Oct 15, 2015

Thursday, we’re talking about the effects of nuclear weapons on people who lived near uranium mines and downwind from testing sites during and after the Cold War. Historian Sarah Alisabeth Fox says that all wars happen where people live, grow their food and raise their children. So to understand what happened, she talked to ranchers, farmers, and housewives who suffered from cancer and economic ruin. Fox is coming to Utah, and joins Doug to talk about “A People’s History of the Nuclear West.”

Sarah Alisabeth Fox is a folk historian and author based in Seattle. She holds a Master's degree in history and folkore from Utah State University. Her book is called Downwind: A People's History of the Nuclear West [Indiebound|Amazon]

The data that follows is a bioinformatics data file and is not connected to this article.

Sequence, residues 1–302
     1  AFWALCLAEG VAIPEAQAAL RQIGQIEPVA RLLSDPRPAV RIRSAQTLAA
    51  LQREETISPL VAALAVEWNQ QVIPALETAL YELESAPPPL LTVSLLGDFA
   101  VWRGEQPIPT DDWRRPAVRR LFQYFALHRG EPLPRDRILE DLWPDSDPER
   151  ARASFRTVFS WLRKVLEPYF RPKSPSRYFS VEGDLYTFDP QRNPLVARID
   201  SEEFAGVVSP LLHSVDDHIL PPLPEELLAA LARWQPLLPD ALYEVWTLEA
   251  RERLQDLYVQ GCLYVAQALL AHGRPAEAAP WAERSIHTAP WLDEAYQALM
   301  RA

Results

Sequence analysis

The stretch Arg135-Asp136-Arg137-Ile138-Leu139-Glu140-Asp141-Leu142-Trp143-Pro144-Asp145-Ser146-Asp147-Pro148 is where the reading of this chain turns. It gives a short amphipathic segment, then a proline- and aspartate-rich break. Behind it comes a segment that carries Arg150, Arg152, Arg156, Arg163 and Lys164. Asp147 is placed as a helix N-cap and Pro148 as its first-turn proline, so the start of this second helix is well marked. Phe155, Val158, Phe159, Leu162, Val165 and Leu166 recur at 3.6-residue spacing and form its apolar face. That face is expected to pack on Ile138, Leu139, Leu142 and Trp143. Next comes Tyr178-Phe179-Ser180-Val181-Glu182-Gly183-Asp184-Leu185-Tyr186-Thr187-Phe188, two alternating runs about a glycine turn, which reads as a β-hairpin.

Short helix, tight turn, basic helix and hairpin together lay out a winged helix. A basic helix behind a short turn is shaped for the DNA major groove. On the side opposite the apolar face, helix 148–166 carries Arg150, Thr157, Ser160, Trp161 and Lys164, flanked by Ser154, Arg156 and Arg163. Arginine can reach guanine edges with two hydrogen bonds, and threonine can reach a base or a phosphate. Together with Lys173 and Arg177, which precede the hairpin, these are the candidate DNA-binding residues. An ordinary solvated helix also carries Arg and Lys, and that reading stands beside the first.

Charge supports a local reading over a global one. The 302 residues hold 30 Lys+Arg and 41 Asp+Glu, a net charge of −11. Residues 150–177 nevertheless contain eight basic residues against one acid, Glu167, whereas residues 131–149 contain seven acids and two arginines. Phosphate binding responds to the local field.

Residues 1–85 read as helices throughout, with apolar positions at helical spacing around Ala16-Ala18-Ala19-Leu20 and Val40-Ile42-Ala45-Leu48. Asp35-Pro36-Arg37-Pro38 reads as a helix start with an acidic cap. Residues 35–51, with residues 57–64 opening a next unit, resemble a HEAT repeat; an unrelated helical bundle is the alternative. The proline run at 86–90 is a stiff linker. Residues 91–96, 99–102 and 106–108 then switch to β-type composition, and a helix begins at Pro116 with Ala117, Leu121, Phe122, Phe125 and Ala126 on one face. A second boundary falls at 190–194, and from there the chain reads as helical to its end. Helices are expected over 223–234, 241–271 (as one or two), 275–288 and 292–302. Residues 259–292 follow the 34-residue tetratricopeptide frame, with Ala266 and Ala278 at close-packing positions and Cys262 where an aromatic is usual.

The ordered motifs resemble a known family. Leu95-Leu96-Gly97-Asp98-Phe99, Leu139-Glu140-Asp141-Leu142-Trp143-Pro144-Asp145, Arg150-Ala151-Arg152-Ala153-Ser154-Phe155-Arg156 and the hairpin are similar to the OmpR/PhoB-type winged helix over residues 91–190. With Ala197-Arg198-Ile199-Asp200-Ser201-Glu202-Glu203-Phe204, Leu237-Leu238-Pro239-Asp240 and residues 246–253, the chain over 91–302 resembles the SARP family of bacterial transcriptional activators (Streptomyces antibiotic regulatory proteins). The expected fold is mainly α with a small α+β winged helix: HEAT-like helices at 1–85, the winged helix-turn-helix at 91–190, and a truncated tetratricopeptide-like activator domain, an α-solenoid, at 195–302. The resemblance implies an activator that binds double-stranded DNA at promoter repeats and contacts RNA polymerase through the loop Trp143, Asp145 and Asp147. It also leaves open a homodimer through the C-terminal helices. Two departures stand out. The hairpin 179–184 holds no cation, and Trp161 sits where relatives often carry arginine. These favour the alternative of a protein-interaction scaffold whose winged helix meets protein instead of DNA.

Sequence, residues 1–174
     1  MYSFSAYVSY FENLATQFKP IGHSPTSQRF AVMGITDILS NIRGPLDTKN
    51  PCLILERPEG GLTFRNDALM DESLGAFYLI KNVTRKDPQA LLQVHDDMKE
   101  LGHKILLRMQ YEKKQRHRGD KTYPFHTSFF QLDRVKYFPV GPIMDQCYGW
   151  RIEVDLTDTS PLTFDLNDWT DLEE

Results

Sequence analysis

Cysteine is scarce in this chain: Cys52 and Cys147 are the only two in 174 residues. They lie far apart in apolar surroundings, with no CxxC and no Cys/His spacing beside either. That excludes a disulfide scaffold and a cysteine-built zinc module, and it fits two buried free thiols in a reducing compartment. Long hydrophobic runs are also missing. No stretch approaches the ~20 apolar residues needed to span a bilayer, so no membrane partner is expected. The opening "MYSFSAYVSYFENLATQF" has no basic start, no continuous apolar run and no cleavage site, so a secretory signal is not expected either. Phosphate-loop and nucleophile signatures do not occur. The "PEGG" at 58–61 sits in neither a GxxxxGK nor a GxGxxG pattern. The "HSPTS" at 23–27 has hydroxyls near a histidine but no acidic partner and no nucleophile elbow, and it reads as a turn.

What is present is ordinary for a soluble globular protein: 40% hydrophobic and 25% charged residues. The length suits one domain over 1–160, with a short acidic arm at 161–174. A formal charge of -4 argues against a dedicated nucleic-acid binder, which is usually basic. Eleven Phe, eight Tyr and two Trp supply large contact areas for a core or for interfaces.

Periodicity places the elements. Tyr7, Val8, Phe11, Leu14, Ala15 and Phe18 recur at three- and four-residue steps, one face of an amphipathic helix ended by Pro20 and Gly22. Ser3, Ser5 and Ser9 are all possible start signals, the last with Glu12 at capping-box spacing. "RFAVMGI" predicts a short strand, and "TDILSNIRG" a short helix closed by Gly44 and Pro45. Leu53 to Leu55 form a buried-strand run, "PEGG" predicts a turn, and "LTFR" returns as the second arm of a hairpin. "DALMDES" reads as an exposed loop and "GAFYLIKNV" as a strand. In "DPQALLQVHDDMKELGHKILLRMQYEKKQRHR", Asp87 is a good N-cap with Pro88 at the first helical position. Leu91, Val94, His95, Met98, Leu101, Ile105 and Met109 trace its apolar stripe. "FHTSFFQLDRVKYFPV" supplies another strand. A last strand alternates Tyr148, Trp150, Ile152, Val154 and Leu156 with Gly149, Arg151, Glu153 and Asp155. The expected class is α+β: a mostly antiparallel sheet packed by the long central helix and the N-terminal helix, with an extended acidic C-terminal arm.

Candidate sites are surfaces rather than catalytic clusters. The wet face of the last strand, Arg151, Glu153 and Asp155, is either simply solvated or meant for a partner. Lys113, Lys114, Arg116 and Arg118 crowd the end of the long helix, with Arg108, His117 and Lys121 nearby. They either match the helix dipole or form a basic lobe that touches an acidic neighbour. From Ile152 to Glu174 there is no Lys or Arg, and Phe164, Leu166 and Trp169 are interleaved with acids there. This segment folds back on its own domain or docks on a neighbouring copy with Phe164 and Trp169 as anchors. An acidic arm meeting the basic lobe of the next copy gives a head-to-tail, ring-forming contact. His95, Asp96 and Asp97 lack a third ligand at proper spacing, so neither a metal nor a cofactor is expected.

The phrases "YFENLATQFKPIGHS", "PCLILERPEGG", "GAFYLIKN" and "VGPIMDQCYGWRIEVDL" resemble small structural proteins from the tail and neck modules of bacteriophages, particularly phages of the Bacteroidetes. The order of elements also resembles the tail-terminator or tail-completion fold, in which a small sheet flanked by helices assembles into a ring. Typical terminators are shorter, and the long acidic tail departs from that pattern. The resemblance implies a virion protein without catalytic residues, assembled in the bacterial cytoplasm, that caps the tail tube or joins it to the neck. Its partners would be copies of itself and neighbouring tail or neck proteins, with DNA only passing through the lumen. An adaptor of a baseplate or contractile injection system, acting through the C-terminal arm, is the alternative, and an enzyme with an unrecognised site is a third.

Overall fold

Fox is coming to Utah as part of the Utah Humanities Book Festival. She has speaking engagements around the state.

  • Monday, October 19, 3:30 p.m., Utah State University, Logan [info]

  • Tuesday, October 20, 7:00 p.m., Salt Lake City Public Library [info]

  • Wednesday, October 21, 12:00 p.m., Utah State Archives, Salt Lake City [info]

  • Monday, October 26, 7:00 p.m., Washington Branch Library, Washington [info]

  • Tuesday, October 27, 7:00 p.m., Southern Utah University, Cedar City [info]

  • Wednesday, October 28, 7:00 p.m., Enterprise Library, Enterprise [info]

  • Thursday, October 29, 11:00 a.m., Brigham Young University Redd Center, Provo, [info